Lebanese capital markets

A roundup of market data

The payment of Lebanon’s $32.6 million share of the annual funding for the Special Tribunal for Lebanon boosted activity on the Beirut Stock Exchange (BSE) in the latter part of November. The BLOM Stock Index (BSI) climbed by more than 4% during the period to 1,224 points, before retreating to 1,189 points by the end of the fourth week (December 12-16). Hence, the BSI advanced 1.2% from its previous close on November 18, with total losses in 2011 at 19.39%. The daily average volume per month rose more than seven-fold to 513,173 shares, up from 69,186 shares in the preceding four-week period, due largely to 6.8 million shares in Byblos’s common stock being traded on 16  December.

On the regional front, the BSI managed to outperform both the MSCI Emerging Market Index and the S&P Pan Arab Composite LargeMid Cap index. The former fell between November 18 and December 16 by 6.5% to 897 points, reflecting fears over the European debt crisis and signs of economic slowdown in China and South Korea. The S&P index followed suit, retreating 1% to 106 points.

Most banking stocks ended the four week-period in the red, affected by Moody’s Investors Service Outlook‘s downgrade for local banks to ‘negative’ from ‘stable.’ In fact, BLOM’s global depositary receipts lost 2.5% and BEMO common stock retreated by 4.9% to $7.70 and $2.35 respectively. Bank of Beirut stocks followed suit as its common stock declined by 1.3% to $19.20, while its preferred Class D lost 0.4% to $26. Bank Audi stocks also drew back, with its GDR losing 2.3% to $6.29. Its listed stock fell 2.2% to $5.85 and its preferred Class D decreased by 0.5% to $10.30. Byblos common stock was the sole gainer among banking stocks, rising 3% to settle at $1.65.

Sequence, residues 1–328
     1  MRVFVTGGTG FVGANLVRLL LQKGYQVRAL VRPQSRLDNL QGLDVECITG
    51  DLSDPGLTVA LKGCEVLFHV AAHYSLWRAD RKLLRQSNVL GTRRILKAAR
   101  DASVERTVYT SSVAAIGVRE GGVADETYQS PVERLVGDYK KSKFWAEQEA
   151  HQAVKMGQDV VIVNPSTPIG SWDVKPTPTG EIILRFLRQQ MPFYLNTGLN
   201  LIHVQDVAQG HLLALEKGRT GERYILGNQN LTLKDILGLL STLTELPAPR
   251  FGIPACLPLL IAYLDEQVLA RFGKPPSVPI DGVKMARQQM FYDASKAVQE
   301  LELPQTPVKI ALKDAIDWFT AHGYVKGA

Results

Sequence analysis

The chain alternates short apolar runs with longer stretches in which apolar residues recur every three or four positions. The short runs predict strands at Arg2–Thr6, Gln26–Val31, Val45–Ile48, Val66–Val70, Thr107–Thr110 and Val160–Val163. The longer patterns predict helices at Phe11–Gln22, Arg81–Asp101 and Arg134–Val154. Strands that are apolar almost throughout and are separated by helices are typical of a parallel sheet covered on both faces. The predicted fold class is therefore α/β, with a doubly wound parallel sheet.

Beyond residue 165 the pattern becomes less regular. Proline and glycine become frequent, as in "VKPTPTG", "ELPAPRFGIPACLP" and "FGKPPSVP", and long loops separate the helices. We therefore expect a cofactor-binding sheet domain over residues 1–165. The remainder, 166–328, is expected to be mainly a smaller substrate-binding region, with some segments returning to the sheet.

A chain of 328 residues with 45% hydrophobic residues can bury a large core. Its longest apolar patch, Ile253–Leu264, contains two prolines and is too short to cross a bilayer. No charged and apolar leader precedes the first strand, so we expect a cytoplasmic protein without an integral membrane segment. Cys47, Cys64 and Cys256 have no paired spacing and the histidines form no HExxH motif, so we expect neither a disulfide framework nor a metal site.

Solidere stocks A and B, which accounted for around 42% of total value traded, rallied during the first three weeks to hit $16, their highest level since mid-August 2011, before closing at $14.5 each on December 16 with a monthly increase of 6% and 7.5%, respectively.

Within the manufacturing sector, Holcim stock grew 1.5% to $16.15, whereas Ciment Blancs Nominal Class witnessed a single trade of 2,496 shares, lifting its price by 40% to $2.41, its highest level since inception. 

Maya Sioufi

Maya is a research consultant on Arab youth entrepreneurship and employment. She headed Executive's banking, finance and entrepreneurship sections from 2011 to 2013. Previously, she worked at JP Morgan in London in equity sales for three years. She holds an MSc in Accounting and Finance from the London School of Economics (LSE) and a BA in Economics from the American University of Beirut (AUB).   

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